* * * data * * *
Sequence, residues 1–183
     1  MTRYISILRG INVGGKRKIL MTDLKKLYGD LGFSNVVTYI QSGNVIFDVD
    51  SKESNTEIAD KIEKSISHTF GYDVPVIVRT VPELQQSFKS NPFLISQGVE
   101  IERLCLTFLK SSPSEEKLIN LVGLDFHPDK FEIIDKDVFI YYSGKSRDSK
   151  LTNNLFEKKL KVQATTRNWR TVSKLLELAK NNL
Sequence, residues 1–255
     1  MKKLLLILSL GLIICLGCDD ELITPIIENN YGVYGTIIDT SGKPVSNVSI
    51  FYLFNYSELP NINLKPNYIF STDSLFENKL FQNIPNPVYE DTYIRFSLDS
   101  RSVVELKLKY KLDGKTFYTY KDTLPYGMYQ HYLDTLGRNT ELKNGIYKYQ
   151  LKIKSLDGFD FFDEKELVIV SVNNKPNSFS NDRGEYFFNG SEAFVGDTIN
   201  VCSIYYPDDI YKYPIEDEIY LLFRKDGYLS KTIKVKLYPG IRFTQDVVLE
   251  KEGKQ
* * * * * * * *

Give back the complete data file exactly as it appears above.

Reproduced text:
Sequence, residues 1–183
     1  MTRYISILRG INVGGKRKIL MTDLKKLYGD LGFSNVVTYI QSGNVIFDVD
    51  SKESNTEIAD KIEKSISHTF GYDVPVIVRT VPELQQSFKS NPFLISQGVE
   101  IERLCLTFLK SSPSEEKLIN LVGLDFHPDK FEIIDKDVFI YYSGKSRDSK
   151  LTNNLFEKKL KVQATTRNWR TVSKLLELAK NNL
Sequence, residues 1–255
     1  MKKLLLILSL GLIICLGCDD ELITPIIENN YGVYGTIIDT SGKPVSNVSI
    51  FYLFNYSELP NINLKPNYIF STDSLFENKL FQNIPNPVYE DTYIRFSLDS
   101  RSVVELKLKY KLDGKTFYTY KDTLPYGMYQ HYLDTLGRNT ELKNGIYKYQ
   151  LKIKSLDGFD FFDEKELVIV SVNNKPNSFS NDRGEYFFNG SEAFVGDTIN
   201  VCSIYYPDDI YKYPIEDEIY LLFRKDGYLS KTIKVKLYPG IRFTQDVVLE
   251  KEGKQ